Recently, I attended a Jewish funeral service in a small cemetery chapel—the men seated on the right, the women on the left. The service began with readings from the Psalms in English and Hebrew:
“You will fill me with joy in your presence, with eternal pleasures at your right hand.”
At one point in the rabbi’s eulogy, he gave the mourners a lesson in the Hebrew language. He explained that the word for love was “ahava” and that the root of that word, “ahav,” meant “to give.”
How beautiful, I thought. Love was not a noun; it was a verb. It was not a person or a thing; it was something we do. Nor was it something that “happens to us.” We do not “fall in love,” as if we were innocent bystanders. We give ourselves to love—to others. In a word, love is a gift.
The lessons continued. When it was time to move to the burial site, eight pallbearers lifted the simple wooden casket and stepped slowly out of the chapel while the rabbi chanted a Psalm in Hebrew. The mourners followed.
After the casket was eased into the ground, the bereaved, both men and women, participated in the ritual by pitching three or more spades of dirt into the grave. The first sounds of warm earth beating against the pine box sounded with a solemn thud, tolling the finality of a precious life.
The lifetime companion of the deceased asked if I would participate in the burial tradition. “It’s so powerful,” he said.
Naturally, I complied. And when I had finished, I handed the shovel to a woman, which, as I learned later, was a violation of the venerable ritual. I should have pierced the spade’s blade into the dirt. When I had wrongly handed the shovel to the next mourner, I was symbolically transferring my grief to her.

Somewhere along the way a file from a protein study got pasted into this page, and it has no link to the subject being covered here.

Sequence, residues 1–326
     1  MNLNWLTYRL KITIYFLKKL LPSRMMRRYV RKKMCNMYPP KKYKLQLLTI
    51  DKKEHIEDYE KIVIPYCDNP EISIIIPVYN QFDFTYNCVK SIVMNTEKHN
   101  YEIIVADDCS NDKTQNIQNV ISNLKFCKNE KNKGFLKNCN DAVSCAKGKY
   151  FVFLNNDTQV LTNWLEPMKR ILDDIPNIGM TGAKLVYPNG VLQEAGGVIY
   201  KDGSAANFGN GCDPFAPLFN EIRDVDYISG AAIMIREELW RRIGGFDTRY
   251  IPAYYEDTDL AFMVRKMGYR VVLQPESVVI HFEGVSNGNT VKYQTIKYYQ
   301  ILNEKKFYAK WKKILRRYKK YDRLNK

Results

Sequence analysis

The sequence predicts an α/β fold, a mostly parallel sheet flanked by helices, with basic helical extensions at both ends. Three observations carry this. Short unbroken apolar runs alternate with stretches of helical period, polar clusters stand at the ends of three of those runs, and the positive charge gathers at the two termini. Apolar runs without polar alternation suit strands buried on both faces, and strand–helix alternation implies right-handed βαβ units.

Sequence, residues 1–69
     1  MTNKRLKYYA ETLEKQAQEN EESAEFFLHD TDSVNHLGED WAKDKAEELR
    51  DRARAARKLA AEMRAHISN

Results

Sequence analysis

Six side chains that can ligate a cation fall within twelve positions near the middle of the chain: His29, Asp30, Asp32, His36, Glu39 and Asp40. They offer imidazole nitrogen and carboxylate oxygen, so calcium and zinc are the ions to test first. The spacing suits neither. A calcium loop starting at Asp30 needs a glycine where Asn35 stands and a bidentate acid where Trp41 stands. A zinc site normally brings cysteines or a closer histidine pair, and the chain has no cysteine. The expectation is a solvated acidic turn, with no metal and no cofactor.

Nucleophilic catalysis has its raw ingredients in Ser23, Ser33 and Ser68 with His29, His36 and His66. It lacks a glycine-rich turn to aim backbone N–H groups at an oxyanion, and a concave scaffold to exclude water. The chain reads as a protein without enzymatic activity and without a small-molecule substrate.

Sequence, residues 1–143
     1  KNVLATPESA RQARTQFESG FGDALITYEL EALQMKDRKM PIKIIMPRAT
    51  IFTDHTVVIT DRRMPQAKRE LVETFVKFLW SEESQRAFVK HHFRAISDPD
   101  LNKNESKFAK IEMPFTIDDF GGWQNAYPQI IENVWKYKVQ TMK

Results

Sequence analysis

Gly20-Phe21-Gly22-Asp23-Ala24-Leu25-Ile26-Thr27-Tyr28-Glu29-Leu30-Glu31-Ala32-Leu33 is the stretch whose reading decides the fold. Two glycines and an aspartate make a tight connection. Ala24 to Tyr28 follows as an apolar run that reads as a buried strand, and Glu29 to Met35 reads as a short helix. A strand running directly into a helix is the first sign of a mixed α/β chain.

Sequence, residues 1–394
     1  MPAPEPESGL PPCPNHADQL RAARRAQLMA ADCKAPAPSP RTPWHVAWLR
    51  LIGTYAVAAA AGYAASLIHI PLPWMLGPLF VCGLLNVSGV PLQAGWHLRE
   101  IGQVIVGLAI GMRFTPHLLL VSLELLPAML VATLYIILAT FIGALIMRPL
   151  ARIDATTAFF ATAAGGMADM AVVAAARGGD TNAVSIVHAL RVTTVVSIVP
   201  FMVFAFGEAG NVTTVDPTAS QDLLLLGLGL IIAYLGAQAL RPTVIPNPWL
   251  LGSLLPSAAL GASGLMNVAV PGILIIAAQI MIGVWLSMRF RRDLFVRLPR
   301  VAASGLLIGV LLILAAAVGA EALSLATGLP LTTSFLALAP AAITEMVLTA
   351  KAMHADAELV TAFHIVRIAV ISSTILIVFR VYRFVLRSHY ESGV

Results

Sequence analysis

At the end of the ceremony, the rabbi instructed us to wash our hands in a small water basin outside the chapel’s entry. We all followed his lead.
As the people began to disperse, I searched out the rabbi. He was a man in his early fifties with a trimmed salt-and-pepper beard and a straight back.
“Would you explain two things?” I asked. “The participative burial ritual and the washing of hands?”
The rabbi did not look at me. He scanned the sky—perhaps seeking inspiration from heaven—but when he spoke, his voice was fluid, as if repeating a familiar recitation. “We are told in Deuteronomy that God buried Moses. And because we wish to be like God, we do as He has done. It is an act of love. We are offering a gift to the deceased, knowing that she cannot reciprocate. And so our love is pure.”
“I see. And the washing of hands?”
“We cherish life over all things. Whenever we are near death, we quickly cleanse ourselves of its pall of grief.”
I thanked the rabbi as he turned to another who sought his wisdom.
Standing still for a moment, I traced the evergreen treetops that poked into the sky. As I thought about the rabbi’s answers, the words that came to me were “closure” and “renewal.”
I have never felt closure more dramatically than when I shoveled three spades of dirt into the open grave. For me it was a definitive and immutable goodbye. But when I washed my hands, there was a sense of renewal, a resurgence and rededication to life—a reminder to cherish whatever days remained.
I was about to walk to my car, when my friend introduced me to a woman with an effervescent smile. I hesitated to shake her hand. “I just washed my hands,” I said apologetically, fearing my hands would be wet and clammy.
“And I just washed mine,” the smiling woman said, as she took my hand in both of hers. And at that moment I felt a surge of gratefulness. Both she and I were clean and starting anew.
I will probably never see that lovely woman again, but she reminded me that being alive merited a glowing, exuberant smile of thanksgiving. When the Psalmist wrote, “You will fill me with joy in your presence,” he was speaking of God. But at that moment in the sunshine—standing in the presence of a warm and gracious woman, her hands sheathing mine—it was she who filled my heart with renewed joy. And for that act of kindness, I am consoled.